Maybe in some future election, a presidential candidate will come along with the same combination of an excellent political pedigree to go along with near-zero previous experience-but with a gift for sloganeering and self-promotion. And we, the voters, will say: "Not him, we already saw what happened when we voted for Noynoy Aquino."

Tomorrow, Aquino will end six mostly performance-free years as president. Assuming he doesn't end up in jail like his two immediate predecessors right after stepping down, Aquino said he expects to rest in his mother's house and travel by car around the country.

What is also expected to happen is the start of a sober evaluation of Aquino's term, an assessment no longer blinded by the awesome machinery for propaganda that was the only real infrastructure that this president built. Yes, Aquino saw early on the value of good propaganda, which got him the presidency despite his handicap as a nobody with famous parents.

And so, Aquino greatly expanded the once-tiny Office of the Press Secretary, revamping it so that it required three Cabinet-level heads instead of one. It was the only original idea his administration had and it served Aquino in good stead, keeping him in office despite the many man-made and natural calamities that his government would suffer over its six years.

Indeed, everything else that Aquino claimed were his achievements during his term were really programs he continued from previous administrations or the result of incredibly good luck. All the bad things that happened to him were, unfortunately, of his own or his men's doing.

And the things that should have happened but didn't, that were promised but weren't fulfilled? That's Noynoy doing Noynoy things-also known as noynoying, which is roughly translated into "talking a big game but doing nothing."

Let's get this straight, like the much-derided straight path itself: Noynoy did not grow the economy. The national economy grew "organically," as they say, as a result of the policies originally implemented in the time of Fidel Ramos and continued by Gloria Macapagal Arroyo.

The main drivers of economic growth in the past six years were record-breaking OFWs remittances (sent home by second-generation workers who followed in the footsteps of the Marcos-era pioneers) and BPO workers (who thrived in an industry started in the Ramos years, even if falsely claimed by Mar Roxas). Furthermore, the economic growth experienced since 2010 really happened because of renewed international investors' interest in emerging markets like the Philippines, after markets like the US, Europe and Japan started drying up.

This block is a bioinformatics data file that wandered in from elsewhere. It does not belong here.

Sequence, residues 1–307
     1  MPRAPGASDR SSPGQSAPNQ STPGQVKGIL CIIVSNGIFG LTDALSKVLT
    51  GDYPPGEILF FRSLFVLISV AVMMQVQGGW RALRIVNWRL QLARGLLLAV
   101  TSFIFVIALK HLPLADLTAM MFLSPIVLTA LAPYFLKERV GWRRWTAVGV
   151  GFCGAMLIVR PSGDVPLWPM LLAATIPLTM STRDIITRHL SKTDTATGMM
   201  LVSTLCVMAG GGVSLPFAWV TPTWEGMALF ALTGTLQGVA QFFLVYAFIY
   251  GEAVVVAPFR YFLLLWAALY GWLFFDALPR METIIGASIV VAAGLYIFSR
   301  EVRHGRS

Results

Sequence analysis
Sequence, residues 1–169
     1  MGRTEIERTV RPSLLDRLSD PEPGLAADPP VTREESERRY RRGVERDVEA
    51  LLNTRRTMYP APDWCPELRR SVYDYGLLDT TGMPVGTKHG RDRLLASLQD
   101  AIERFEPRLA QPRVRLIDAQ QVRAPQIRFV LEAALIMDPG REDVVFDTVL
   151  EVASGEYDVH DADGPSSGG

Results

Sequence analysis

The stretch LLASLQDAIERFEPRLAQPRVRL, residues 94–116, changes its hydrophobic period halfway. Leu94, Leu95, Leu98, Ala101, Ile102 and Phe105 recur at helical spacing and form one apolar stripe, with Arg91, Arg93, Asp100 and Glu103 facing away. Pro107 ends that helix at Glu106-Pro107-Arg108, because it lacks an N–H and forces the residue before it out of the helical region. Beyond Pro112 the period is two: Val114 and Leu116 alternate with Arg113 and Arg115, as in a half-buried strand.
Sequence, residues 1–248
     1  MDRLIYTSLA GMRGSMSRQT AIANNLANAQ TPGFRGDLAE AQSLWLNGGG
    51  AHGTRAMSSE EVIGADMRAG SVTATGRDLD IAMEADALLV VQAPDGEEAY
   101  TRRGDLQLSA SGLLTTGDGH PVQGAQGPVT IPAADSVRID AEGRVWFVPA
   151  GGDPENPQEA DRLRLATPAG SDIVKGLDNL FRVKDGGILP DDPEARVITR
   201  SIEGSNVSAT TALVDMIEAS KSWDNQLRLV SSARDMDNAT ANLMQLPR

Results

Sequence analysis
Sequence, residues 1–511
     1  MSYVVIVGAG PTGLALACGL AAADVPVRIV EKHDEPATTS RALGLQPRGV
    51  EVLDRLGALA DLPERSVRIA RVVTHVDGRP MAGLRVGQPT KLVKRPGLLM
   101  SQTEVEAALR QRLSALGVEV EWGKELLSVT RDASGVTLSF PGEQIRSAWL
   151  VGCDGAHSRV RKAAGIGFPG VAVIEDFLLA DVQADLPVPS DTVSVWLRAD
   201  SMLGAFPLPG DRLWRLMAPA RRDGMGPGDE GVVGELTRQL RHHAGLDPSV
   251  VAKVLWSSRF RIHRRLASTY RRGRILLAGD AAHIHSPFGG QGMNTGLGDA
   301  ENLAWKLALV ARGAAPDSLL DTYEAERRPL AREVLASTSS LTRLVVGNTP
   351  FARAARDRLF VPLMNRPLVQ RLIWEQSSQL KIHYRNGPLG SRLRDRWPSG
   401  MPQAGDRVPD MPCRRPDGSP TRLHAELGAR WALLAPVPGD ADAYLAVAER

The financial and economic reforms started by Ramos and Arroyo bore fruit in Aquino's term, when a worldwide low-interest regime made it possible for investments in the Philippines to become attractive. Aquino and his men will not admit it, but the Philippines was merely the beneficiary of these wide-ranging policy reforms because the country was ready when the good times returned regionally and worldwide after several upheavals and cyclical downturns.

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But while Aquino claims the economic gains that happened in his watch as his greatest achievement, he always fails to point out that, compared to other countries and especially to our neighbors, the Philippines really missed out. It could have grown a lot more, but it didn't.

While Aquino, for instance, points to GDP and FDI growth rates never before seen hereabouts, he never says that because of our much smaller base and humbler starting position, we really didn't grow as fast and as much as our Asean neighbors. Like Mar Roxas claiming a five-fold increase in survey ratings, Aquino doesn't say that we started at single digits, which is why we still cannot grow fast enough to achieve the First-World status that the President says he has in store for us, as long as we stay on Daang Matuwid.

But what did Aquino do to the economy in six years that worked so well? Nothing except, as one prominent businessman said recently, in a sightly different context, to get out of the way and do nothing.

What Aquino provided, some analysts have explained to me, is not innovation or reform but stability. Of course, stability really means that the business community was confident that the government would still be there the following day, week, month and year-that was all business needed in a boom cycle and it would do what it does best, which is to be profitable.

But Aquino's term was only profitable for his friends in business, chiefly new-old crony capitalists like the Ayala family. Precisely because Aquino did nothing much, he allowed select business groups to thrive with hardly a care for the poor-whom he never really did have empathy for as the heir to hacienda owners.

Call it laissez-faire by unimaginative laziness -but with a lot of propaganda-savvy credit-grabbing. Aquino's term was very good for some businessmen, but hell on earth for the poor, who represented the majority and who would eventually reject everything that he stood for.

Source: The Standard